For docking costs, catamarans tend to have higher docking rate costs due to their size and wider beam. Read this article to know more about the costs of docking a catamaran in different locations.

In terms of storage and equipment

Catamarans typically have more storage space than monohulls due to their wider beam and larger deck area. This means they can carry more gear and supplies, making them a good choice for longer voyages or liveaboard situations. They can accommodate larger equipment such as dinghies, kayaks, and paddleboards - making them a great choice for water sports enthusiasts who want to bring their gear along.

Monohulls, on the other hand, have less storage space due to their narrower beam and smaller deck area. This means they are better suited for shorter trips or day sailing, where less gear and supplies are needed. Monohulls may also be better suited for certain types of equipment, such as fishing gear or diving equipment, due to the layout of the boat.

In terms of crew accommodations

Catamarans tend to have more spacious accommodations than monohulls, which can be an advantage for longer trips or when traveling with a larger crew. However, monohulls may offer more privacy for individual crew members due to the separate cabins and tighter quarters.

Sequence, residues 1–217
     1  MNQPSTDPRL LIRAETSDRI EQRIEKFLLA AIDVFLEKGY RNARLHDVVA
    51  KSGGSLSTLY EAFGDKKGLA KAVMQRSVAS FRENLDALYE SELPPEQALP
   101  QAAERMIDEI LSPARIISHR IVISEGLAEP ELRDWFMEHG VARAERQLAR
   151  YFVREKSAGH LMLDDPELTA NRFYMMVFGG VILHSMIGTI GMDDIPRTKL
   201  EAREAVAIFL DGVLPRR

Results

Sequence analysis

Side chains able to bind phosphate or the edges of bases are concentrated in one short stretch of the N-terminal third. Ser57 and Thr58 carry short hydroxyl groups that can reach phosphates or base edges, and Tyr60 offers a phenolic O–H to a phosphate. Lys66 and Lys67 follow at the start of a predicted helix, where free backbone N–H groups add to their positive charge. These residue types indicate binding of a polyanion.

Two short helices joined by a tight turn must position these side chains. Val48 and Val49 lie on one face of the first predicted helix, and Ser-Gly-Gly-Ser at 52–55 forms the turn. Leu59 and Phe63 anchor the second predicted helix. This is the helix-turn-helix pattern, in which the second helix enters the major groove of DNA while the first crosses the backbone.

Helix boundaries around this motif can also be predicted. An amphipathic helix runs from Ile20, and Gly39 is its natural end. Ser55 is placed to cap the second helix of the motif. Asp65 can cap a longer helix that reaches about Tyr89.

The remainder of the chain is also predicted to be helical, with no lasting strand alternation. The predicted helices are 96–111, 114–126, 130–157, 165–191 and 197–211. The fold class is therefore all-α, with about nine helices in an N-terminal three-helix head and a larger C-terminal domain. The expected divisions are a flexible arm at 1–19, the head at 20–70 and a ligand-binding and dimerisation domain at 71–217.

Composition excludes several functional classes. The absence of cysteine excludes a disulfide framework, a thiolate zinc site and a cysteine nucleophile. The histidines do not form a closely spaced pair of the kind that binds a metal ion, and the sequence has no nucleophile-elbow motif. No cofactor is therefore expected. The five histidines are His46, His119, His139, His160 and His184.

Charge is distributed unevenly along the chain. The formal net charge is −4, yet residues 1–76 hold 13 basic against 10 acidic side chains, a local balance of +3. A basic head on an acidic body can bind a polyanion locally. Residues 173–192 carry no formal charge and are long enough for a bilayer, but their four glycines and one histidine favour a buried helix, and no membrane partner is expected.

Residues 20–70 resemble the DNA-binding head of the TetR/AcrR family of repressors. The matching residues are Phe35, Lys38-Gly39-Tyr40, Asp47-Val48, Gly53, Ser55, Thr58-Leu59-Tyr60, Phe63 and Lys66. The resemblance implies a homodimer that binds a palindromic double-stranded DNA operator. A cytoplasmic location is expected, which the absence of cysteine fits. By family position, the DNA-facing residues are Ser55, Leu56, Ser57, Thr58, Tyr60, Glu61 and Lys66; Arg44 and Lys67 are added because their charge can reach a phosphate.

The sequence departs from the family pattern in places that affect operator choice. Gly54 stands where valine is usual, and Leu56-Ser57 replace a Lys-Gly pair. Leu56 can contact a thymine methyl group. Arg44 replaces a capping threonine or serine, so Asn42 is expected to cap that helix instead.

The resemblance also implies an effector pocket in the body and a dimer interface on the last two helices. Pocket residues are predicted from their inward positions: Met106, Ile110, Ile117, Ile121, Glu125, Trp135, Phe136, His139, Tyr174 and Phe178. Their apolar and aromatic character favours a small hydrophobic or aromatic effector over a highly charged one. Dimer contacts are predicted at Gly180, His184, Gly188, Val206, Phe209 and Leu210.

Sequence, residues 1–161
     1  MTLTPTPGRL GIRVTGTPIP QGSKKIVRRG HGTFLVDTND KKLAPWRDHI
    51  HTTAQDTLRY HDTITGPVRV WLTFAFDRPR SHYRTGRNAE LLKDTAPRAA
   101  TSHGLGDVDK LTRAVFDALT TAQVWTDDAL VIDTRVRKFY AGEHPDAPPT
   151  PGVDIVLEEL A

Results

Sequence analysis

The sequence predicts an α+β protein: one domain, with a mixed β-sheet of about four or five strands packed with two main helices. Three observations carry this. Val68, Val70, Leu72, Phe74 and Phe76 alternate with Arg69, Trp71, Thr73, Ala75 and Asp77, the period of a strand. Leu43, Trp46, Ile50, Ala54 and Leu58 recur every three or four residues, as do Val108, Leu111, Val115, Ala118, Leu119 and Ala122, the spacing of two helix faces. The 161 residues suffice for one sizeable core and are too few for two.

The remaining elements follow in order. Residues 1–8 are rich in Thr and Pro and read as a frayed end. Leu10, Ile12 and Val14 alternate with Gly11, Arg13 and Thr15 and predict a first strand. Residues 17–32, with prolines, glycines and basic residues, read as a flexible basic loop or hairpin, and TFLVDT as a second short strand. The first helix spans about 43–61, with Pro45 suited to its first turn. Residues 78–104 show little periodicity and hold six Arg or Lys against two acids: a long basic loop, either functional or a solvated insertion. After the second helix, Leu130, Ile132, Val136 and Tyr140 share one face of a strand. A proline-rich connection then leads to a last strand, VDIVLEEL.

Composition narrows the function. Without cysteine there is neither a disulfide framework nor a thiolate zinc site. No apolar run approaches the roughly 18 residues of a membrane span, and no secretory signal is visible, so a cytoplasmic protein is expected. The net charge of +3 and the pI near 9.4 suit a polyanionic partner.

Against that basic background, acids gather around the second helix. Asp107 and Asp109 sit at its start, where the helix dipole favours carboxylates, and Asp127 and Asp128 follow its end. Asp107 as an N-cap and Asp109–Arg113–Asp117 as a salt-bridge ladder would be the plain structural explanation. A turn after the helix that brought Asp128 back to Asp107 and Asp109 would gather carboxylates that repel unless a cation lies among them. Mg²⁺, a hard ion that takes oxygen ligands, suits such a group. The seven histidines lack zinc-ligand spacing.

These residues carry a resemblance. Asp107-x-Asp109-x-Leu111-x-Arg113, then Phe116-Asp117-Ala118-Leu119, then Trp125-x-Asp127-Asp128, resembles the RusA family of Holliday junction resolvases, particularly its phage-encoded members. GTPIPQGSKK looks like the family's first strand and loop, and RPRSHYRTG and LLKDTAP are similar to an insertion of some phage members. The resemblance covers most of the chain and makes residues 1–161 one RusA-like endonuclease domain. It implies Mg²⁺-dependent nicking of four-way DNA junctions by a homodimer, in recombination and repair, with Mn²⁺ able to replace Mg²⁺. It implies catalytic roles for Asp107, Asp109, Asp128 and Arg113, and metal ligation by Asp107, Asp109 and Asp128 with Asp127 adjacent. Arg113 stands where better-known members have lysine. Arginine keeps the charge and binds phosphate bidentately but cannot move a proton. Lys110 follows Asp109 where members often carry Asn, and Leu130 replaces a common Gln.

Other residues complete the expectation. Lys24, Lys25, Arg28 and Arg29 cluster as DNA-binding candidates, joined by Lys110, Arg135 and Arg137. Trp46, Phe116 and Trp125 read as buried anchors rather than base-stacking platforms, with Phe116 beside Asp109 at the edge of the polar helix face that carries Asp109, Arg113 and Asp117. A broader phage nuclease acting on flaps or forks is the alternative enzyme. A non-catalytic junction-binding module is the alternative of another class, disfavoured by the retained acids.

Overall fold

Catamarans generally have more living space than monohulls so they can offer more room for sleeping, lounging, and cooking, which can be especially beneficial for larger crews or families. They also often have large, open salons and cockpits that allow for easy socializing and entertaining. This can be a great feature for crews who enjoy spending time together.

Monohulls, on the other hand, have less living space than catamarans due to their narrower beam. This means they may be better suited for smaller crews or shorter trips. They often have cabins located closer together, which can make it easier to communicate and work together as a crew, which is a plus for racing or cruising in crowded areas.

Choosing boat type based on personal preferences

In terms of aesthetics and personal taste.

One of the first things that come to mind when choosing between a catamaran and a monohull is aesthetics. Both types of boats have their unique look, and it is up to personal preference which one you find more appealing. Some people prefer the sleek and modern look of a catamaran, while others prefer the classic look of a monohull.

Another thing to consider is personal taste. If you are someone who prefers a more spacious and open boat, then a catamaran might be the right choice for you. On the other hand, if you prefer a more traditional sailing experience, then a monohull might be the better option.